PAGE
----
The search for knowledge of our moral duty discloses something far more sublime; we discover our moral selves, our being as persons, through which we have access to a higher world, one that is governed by a higher moral law. This ascent to a higher law is the goal of transcendentalism.
Here is Kant’s summary of his discoveries:
“Two things fill the mind with ever new and increasing admiration and reverence, the more often and more steadily one reflects on them: the starry heavens above me and the moral law within me. I do not need to search for them and merely conjecture them as though they were veiled in obscurity or in the transcendent region beyond my horizon; I see them before me and connect them immediately with the consciousness of my existence. The first begins from the place I occupy in the external world of sense and extends the connection in which I stand into an unbounded magnitude with worlds upon worlds and systems of systems, and moreover into the unbounded times of their periodic motion, their beginning and their duration. The second begins from my invisible self, my personality, and presents me in a world which has true infinity but which can be discovered only by the understanding, and I cognize that my connection with that world (and thereby with all those visible worlds as well) is not merely contingent, as in the first case, but universal and necessary. The first view of a countless multitude of worlds annihilates, as it were, my importance as an animal creature, which after it has been for a short time provided with vital force (one knows not how) must give back to the planet (a mere speck in the universe) the matter from which it came. The second, on the contrary, infinitely raises my worth as an intelligence by my personality, in which the moral law reveals to me a life independent of animality and even of the whole sensible world, at least so far as this may be inferred from the purposive determination of my existence by this law, a determination not restricted to the conditions and boundaries of this life but reaching into the infinite.”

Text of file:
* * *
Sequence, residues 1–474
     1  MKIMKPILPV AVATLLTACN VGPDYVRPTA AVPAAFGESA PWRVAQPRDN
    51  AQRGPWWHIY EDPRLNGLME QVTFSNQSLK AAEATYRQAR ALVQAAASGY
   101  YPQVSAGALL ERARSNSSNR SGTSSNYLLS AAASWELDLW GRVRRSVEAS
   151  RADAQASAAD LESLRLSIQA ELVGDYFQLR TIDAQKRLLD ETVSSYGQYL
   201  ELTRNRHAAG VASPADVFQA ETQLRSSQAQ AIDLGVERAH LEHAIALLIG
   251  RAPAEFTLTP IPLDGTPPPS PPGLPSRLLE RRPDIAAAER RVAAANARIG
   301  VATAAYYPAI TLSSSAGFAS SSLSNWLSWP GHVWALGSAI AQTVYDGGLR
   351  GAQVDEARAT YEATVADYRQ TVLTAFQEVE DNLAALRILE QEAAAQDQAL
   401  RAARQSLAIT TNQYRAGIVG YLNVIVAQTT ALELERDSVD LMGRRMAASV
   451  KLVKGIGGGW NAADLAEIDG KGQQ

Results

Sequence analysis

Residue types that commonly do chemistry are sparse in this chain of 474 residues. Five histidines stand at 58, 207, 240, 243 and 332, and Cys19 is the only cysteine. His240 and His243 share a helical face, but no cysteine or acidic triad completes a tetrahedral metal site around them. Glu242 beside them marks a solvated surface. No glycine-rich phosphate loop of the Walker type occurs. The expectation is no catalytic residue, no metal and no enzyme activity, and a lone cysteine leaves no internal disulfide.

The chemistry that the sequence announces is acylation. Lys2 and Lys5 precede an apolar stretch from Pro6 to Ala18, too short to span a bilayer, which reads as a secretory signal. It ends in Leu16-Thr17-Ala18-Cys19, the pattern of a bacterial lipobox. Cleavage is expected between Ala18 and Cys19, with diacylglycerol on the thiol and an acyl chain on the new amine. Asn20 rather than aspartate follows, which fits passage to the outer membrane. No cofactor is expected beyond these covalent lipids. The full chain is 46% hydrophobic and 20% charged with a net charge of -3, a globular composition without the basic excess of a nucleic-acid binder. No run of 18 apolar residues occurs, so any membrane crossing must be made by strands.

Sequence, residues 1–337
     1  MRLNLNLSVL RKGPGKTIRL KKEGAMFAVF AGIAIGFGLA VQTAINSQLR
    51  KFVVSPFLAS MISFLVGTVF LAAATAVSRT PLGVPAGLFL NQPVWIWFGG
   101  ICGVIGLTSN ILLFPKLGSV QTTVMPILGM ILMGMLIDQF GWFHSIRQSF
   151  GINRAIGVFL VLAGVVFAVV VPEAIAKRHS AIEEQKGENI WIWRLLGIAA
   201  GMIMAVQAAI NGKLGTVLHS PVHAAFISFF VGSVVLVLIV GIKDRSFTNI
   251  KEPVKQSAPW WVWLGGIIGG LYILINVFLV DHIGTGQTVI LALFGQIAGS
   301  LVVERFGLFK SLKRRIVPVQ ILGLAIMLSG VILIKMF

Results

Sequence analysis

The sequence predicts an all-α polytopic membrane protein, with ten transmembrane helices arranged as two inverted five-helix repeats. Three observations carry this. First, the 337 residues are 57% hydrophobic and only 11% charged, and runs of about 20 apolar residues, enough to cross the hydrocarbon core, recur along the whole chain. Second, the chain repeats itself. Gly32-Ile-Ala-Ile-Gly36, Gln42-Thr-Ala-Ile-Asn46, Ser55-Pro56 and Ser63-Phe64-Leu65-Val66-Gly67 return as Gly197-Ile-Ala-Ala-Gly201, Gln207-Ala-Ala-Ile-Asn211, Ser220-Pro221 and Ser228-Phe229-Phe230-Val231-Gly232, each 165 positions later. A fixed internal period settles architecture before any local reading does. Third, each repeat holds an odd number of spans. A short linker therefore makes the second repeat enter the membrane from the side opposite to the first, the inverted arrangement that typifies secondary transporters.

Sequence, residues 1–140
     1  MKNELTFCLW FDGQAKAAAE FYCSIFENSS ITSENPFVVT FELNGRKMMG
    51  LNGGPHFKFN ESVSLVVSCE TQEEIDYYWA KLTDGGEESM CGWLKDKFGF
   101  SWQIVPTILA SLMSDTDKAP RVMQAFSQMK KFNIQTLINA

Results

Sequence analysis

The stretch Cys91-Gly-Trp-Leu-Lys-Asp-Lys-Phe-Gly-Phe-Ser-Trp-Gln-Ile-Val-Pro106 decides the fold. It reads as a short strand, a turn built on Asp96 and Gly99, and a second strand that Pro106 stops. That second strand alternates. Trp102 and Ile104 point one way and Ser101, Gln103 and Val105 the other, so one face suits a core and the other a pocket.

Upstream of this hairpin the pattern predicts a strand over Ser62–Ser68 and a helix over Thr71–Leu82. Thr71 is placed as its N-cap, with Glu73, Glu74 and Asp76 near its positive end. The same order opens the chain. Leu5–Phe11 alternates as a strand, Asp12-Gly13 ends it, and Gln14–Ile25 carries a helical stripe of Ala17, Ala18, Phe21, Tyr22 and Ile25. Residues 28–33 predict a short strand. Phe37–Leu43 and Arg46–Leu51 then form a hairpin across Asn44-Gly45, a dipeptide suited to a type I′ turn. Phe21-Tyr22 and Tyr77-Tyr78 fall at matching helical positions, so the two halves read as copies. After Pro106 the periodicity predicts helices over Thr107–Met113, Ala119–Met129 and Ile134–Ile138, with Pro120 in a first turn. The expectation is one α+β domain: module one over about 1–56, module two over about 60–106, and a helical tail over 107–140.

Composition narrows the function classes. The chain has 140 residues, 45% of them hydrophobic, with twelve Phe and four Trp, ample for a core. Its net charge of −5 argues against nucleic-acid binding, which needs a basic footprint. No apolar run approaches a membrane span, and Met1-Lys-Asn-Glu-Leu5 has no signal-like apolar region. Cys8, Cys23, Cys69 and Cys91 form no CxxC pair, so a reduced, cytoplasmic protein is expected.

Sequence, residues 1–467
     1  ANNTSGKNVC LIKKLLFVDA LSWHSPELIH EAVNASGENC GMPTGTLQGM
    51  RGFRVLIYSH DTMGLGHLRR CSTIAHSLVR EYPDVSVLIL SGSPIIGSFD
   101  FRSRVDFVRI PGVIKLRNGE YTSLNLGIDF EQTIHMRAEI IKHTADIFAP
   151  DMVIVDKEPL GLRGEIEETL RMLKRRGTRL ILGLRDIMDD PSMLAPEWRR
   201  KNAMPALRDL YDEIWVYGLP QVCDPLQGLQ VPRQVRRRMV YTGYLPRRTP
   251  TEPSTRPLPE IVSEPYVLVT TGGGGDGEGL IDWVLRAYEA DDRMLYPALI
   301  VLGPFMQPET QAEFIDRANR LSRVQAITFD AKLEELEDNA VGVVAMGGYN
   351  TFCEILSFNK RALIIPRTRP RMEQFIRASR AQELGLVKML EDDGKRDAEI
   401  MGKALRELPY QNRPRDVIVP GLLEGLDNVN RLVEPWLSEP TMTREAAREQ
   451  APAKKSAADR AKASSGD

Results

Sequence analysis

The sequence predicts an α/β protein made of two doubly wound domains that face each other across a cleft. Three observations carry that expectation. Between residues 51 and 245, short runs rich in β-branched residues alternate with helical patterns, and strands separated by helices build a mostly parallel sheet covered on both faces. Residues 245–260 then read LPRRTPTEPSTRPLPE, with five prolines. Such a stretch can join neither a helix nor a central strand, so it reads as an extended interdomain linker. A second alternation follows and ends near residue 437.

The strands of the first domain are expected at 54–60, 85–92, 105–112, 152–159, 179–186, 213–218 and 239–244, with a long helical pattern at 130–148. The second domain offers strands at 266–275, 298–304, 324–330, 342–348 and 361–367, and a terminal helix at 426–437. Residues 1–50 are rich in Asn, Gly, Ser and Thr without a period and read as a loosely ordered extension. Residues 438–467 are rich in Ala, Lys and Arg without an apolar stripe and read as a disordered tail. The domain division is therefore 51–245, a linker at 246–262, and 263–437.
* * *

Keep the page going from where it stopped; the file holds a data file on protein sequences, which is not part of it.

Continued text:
Transcendentalists seized upon these words; the words became for them a confession of faith, a creed. Emerson may have memorized them; for I am repeatedly reminded of them as I read his writings.
What has all this to do with political thought? Very much. A Transcendentalist regards every human person as a moral being, a free agent guided by reason, a person capable of self-knowledge and limitless self-transcendence. Anyone who knows this cannot be a slave or enslave anyone else. Freedom and equality for all is the only conclusion one can draw from this; and thus the blessings of liberty may be secured for all.
Postscript: Kant wrote three Critiques, the first concerning the knowledge of external things, and the second concerning moral knowledge, Critique of Practical Reason; the third, Critique of Judgment, concerns judgments of value, especially aesthetic values, the beautiful and the sublime.